Monday, July 30, 2012

10 Tidbits that aren't going on the Family and Friends Blog

1.  We have mice in our garage.  The kids are half terrified and half fascinated.  I'm just grossed out.
2.  Oak hasn't had any weird peeing incidents in about four days.  That we know of.
3.  The scratch on Oak's back has finally healed.  This is from when he was running from me after being defiant, and I tried to grab his shoulder and instead put a 2 inch scrape down his back with my fingernail.  How's THAT for guilt? 
4.  I was trying to think of some fair-but-realistic limits to screen time, and realized that any reasonable amount of time would be such a drastic cut-back from what we're now allowing them that it will cause a revolt.  And I was RAISED WITH NO TV.  So I am also experiencing serious guilt about allowing my kids to spend so much time on videos/games/Smart phones.
5.  Our kids go to bed at 11:00 at night.
6.  I buy them treats every fucking time I go to the grocery store.  It's ridiculous.  I justify it by pointing out that our therapist told us that until they really "get" what family is about, they need to equate mom and dad with food, which will mean mom and dad = joy, which eventually will mean mom and dad = love.  But I'm afraid that they're learning mom=easy touch at the grocery store.
7.  I keep forgetting to put sunscreen on everyone, and I'm the only person in the family who isn't sunburned now.
8.  I worry that I already love Linden, but sometimes don't even like Oak.  I know they aren't supposed to be good to "earn" my love, and I know why he behaves the way he does.  I know he has no reason to trust me, as I'm his fourth Mama, and have only known him six weeks.  I know he desperately needs me to love him wholeheartedly no matter what he does.  But when he does something shitty to someone then smirks, "Oops, I'm sorry," I have trouble keeping it all in perspective.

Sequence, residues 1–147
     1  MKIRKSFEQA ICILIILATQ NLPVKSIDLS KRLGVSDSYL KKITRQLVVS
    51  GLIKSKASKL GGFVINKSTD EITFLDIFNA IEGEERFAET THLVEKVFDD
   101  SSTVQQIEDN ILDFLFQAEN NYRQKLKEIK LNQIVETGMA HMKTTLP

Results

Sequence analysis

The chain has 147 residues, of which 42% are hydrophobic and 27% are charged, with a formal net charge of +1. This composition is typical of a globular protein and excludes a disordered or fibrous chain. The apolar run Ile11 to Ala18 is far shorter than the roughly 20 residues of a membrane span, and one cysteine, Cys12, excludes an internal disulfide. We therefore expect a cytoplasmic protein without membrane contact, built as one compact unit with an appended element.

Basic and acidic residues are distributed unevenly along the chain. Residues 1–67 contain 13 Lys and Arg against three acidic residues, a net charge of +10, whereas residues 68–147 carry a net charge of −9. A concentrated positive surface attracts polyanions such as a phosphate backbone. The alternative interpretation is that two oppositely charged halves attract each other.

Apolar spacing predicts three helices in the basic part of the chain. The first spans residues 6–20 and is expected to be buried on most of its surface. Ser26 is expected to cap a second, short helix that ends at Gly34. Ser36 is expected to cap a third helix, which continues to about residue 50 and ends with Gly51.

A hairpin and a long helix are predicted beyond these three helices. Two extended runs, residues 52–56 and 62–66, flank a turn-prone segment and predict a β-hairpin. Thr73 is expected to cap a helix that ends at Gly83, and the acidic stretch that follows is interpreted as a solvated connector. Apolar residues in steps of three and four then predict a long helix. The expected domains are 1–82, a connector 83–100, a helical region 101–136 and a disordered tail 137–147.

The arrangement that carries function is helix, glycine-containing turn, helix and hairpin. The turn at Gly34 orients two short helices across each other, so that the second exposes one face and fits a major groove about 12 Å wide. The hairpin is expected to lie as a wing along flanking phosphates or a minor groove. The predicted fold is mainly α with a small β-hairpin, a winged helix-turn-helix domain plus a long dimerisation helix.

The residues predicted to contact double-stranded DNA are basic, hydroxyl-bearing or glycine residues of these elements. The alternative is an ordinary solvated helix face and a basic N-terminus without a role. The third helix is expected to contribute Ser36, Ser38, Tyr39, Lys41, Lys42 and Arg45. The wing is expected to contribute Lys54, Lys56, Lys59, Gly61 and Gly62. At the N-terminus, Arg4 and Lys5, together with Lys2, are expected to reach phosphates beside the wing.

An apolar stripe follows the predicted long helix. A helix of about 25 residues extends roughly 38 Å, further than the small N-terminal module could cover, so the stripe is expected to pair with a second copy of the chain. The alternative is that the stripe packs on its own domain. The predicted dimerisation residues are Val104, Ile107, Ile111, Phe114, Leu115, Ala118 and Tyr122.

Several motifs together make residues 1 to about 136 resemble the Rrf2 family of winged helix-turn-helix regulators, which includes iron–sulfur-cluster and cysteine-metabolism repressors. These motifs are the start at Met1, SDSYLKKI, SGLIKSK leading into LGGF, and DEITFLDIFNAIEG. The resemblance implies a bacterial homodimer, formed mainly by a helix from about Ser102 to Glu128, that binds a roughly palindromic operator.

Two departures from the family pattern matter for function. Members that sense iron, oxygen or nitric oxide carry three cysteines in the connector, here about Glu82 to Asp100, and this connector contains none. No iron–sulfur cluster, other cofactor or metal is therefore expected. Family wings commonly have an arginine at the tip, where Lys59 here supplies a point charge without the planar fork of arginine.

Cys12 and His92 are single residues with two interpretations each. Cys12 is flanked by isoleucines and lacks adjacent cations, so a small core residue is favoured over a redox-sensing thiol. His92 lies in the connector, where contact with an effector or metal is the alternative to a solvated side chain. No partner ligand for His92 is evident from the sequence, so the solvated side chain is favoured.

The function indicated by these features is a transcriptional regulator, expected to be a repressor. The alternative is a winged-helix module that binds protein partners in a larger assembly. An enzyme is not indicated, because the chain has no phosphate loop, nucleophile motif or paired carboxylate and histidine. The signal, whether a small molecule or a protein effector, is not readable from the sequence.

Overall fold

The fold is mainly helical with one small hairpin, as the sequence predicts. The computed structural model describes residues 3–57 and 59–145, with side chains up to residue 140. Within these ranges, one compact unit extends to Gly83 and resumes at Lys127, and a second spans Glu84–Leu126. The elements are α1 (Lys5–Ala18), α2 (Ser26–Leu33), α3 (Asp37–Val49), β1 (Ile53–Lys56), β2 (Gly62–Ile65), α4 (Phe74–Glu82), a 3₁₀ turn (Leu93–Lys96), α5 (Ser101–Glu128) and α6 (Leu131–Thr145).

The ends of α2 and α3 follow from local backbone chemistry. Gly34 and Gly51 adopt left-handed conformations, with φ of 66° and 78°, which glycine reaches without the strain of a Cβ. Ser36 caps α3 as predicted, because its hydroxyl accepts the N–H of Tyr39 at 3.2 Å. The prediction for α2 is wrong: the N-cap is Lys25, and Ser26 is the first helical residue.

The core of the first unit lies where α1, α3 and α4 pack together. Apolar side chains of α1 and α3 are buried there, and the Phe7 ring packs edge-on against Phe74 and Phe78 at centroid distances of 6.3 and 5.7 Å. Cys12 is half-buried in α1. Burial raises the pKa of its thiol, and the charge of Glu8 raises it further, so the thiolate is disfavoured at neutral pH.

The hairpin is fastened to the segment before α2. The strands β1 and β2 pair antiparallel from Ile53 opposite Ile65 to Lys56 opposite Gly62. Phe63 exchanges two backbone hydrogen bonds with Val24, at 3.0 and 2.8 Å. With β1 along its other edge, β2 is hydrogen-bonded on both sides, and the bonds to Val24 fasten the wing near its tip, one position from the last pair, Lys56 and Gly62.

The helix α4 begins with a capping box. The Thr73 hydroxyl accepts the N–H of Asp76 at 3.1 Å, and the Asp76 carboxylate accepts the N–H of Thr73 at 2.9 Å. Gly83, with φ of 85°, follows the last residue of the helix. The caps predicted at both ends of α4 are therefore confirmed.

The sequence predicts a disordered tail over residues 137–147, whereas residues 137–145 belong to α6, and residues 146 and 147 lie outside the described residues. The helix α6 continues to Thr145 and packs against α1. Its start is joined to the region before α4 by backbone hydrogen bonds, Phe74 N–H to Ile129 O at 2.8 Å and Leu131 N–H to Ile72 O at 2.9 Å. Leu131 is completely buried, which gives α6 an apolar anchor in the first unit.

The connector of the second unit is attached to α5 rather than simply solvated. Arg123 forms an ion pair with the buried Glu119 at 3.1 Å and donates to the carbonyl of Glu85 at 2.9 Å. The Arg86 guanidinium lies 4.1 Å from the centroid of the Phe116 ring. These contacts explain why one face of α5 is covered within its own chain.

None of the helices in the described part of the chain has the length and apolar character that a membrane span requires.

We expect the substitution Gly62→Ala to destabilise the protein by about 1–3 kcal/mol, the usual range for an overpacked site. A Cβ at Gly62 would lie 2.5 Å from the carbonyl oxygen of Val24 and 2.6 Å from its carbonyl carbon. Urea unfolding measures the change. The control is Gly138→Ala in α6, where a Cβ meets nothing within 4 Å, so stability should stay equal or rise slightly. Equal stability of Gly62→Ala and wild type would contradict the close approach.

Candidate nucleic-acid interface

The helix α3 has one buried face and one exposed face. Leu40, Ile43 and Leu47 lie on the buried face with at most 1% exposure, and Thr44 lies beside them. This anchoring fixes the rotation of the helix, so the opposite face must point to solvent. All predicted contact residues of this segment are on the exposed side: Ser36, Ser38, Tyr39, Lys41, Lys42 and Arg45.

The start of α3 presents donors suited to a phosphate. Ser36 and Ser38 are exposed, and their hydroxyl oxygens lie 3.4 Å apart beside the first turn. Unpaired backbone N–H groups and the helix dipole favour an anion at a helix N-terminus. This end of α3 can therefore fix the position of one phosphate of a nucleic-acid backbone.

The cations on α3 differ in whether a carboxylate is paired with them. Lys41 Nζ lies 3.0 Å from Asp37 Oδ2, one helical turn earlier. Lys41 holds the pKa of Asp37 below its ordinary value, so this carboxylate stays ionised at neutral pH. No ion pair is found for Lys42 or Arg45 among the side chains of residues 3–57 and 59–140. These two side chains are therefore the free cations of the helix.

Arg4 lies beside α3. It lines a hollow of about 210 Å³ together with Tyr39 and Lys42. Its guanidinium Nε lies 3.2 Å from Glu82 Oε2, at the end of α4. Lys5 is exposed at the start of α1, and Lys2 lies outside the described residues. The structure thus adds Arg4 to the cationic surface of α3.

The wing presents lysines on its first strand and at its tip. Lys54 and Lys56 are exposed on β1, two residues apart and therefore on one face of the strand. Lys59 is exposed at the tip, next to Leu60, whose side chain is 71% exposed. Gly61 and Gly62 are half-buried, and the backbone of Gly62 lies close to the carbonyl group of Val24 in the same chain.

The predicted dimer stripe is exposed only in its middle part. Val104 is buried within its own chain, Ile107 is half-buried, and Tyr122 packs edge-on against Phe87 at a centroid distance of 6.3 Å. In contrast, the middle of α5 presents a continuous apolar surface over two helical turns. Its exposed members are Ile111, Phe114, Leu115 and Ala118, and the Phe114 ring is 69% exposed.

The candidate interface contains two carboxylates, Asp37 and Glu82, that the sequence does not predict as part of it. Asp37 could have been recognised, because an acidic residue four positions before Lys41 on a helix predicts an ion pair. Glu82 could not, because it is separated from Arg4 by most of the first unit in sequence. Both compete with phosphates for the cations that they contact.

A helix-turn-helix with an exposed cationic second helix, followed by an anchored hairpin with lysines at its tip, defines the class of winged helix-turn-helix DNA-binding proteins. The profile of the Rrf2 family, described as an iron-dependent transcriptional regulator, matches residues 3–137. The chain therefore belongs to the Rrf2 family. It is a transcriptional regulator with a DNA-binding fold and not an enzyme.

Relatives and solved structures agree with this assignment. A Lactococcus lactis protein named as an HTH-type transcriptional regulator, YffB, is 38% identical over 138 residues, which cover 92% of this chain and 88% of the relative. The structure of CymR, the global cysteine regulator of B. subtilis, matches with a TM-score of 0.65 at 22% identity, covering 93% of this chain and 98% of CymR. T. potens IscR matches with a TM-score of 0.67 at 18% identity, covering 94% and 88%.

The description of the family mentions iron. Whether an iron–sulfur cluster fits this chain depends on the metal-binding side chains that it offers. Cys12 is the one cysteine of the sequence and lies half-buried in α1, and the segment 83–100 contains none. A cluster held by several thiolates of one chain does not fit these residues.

9.  I worry that I love Linden because she's so cute and cuddly and tries so hard to do the right thing, and that this is going to be a lifelong pattern for her that will mess her up in a big way.  I worry that she'll get pregnant at 14 because she thinks she has to be cute and physically affectionate to get love and that she won't value her own boundaries.  I worry that she'll think she has to be perfect in order to deserve love. 
10.  Due to some questions about sexual play at the orphanage, I sleep in Linden's room and the Winemaker sleeps in Oak's room.  We feel that this is keeping them safe from each other and bad patterns of behavior, but it's not doing much for our sex life, or even cuddling time. 

Sunday, July 8, 2012

Too much?

We've been keeping the kids busy the past several days.  Yesterday we went from the eye clinic to the air/space museum to the park to dinner to playing with the newly discovered neighborhood kids. Today we went from bike rides to watching the new neighbor friend's dance recital to a picnic to the amusement park to dinner to more bike rides and more neighborhood kid playing.  We have had no unwarranted peeing, mooning, throwing, or raging in that time.  Yet I feel uncomfortable with the pace.  Everything I read says, "Slow down, less stimulus, more quiet family time."  When we slow down, the kids get bored, and when they get bored, all hell breaks loose.  So are we just postponing the inevitable by keeping them constantly entertained?

I'm adding this to my running mental list of things to discuss with our adoption therapist next week.  The only problem is, my brain is so overwhelmed right now, "mental list" might as well read "burn pile."  Whatever.  I'm sure we'll have plenty to discuss with her regardless.